Most Dangerous Man at the Commonwealth Club, San Francisco, in front of a live audience.

New York Public Library podcast with Minutaglio & Davis on The Most Dangerous Man in America

R.U. Sirius Mondo 2000 Interview with Davis on Leary's Great-ish Escape

Lone Star Literary Life feature on Minutaglio & Davis

Steven L. Davis' Books Q&A with Deborah Kalb

Writing on the Air: Most Dangerous Man interview with Martha Louise Hunter


Discussing Dallas 1963 at the Sixth Floor Museum in Dallas

Discussing Dallas 1963 at the Sixth Floor Museum in Dallas

An Interview with Steven L. Davis

By Brandon Shuler / Texas Literati

Lon Tinkle’s 1978 biography, An American Original: The Life of J. Frank Dobie, tackles an American icon; however, although he reported the facts of Dobie’s life, the biography leaves the reader wanting.  What made Dobie the ‘ranchin

g professor?’  What made this conservative farm boy from Live Oak county become a progressive liberal later in life?  What is Dobie’s lasting legacy on Texas literature?  Steven L. Davis’s A Liberated Mind: J. Frank Dobie answers these questions and reveals the late bloomer who becomes the voice of early-20th century Texas.

Davis explores the tumultuous relationship of Dobie and J. Evetts Haley and how Haley’s jump to the ultra-conservative right hastened Dobie’s move from the political center to the left.  Davis also explores the influence and mentorship of Dobie on Jovita Gonzalez and J. Mason Brewer.  But where Davis’s writing is the most superb and reveals Dobie’s nature surrounds the Machavellian machinations by the University of Texas Boards of Regents to fire Homer Rainey and ultimately J. Frank Dobie.  Davis probes beyond the highlights we read of the imbroglio described by George N. Green in The Establishment in Texas Politics and Gary A. Keith’s Eckhardt and gets to the core of the communist red-scare which invaded the Texas culture and higher education.  The resounding effects liberated Dobie’s thinking and gave us the man who should be reexamined under an enlightened microscope as Davis does.

Texas Literati recently sat down with Steven Davis to talk about his Dobie experience.  Here’s what he had to say.

TL:  Leon Edel, Henry James’s biographer, writes in Literary Biography that through transference and commonality of experience a biographer sends themselves on a journey of self–discovery.  As you researched Dobie’s life, what common experiences did you find that y’all shared and what did you discover about yourself?

SLD:  Leon Edel is exactly right. If your biography’s going to be any good, you have to connect with your subject, to find a way to get inside his or her head.

I’d like to think that I have some special gift or insight that allows me to do this, but in truth whatever success I have is due to the archives—in particular, correspondence. There’s no better way to see what a person’s thinking than to read his or her private mail. That’s a great way to climb into somebody’s mind.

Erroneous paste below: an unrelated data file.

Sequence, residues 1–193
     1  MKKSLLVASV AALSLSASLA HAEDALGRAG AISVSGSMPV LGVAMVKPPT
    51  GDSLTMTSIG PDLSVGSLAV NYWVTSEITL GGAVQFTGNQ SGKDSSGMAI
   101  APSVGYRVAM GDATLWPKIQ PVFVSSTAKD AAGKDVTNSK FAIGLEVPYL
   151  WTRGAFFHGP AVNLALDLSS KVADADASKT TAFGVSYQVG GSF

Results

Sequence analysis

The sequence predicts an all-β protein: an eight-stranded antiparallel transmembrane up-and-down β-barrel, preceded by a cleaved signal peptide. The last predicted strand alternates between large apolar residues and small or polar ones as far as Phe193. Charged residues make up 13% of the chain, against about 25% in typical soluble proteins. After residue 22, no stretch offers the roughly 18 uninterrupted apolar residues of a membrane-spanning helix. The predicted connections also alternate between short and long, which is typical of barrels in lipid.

It’s true that I found a number of commonalities with Dobie, and I must say, I was delighted to encounter each one. It really helped me develop a deep kinship with him. At a very basic level, I found that we share an ambivalence about academia. It’s no accident that each of us quit our formal schooling after getting our master’s degrees. And neither of us has any patience for those pretentious scholars who write in a deliberately opaque manner, believing that inscrutability somehow conveys authority.

There are many more affinities we could talk about, but here’s just one more quick example. Those who know me well know that for years I’ve complained about the outsized attention given to outlaws and such. The numerous books on John Wesley Hardin, Bonnie and Clyde, etc… To me such fixations seem representative of an adolescent culture. How nice it was to discover, then, that Dobie felt the exact same way.

The sense of validation that comes from discoveries like this is so important. For years I felt like a lone wolf stumbling around in the wilderness. By studying Dobie I learned that I’m part of a community, part of an established intellectual tradition in Texas. That was a very nice gift to receive while working on this book.

TL:  Some recent Chicano literature scholarship has downplayed, even attempts to negate, the influence of J. Frank Dobie on Mexican–American and minority writers.  However, as you point out, Dobie’s mentorship of Jovita Gonzalez and J. Mason Brewer, and to an extent Americo Paredes, runs deep.  How do you see this recent blush of revisionist scholarship dimming the impact of Dobie on Texas letters, especially Mexican–American writing, if at all?

SLD:  It’s true that the Mexican American community in Texas has been marginalized and discriminated against for so long that it’s hard to blame them for attacking symbols of Anglo hegemony, and Dobie was certainly that.  But Dobie’s fall from grace has been far more brutal than the circumstances warrant.

This whole issue gets into a real problem I have with much scholarship today. As the ideological and theoretical stakes in academia have risen, more scholars are acting like lawyers, rather than judges. They amass highly selective bits of evidence in order to “prove” their cases. These sorts of academics would make great attorneys, but you know, there’s a reason people hate lawyers. Why should you trust any conclusions they reach?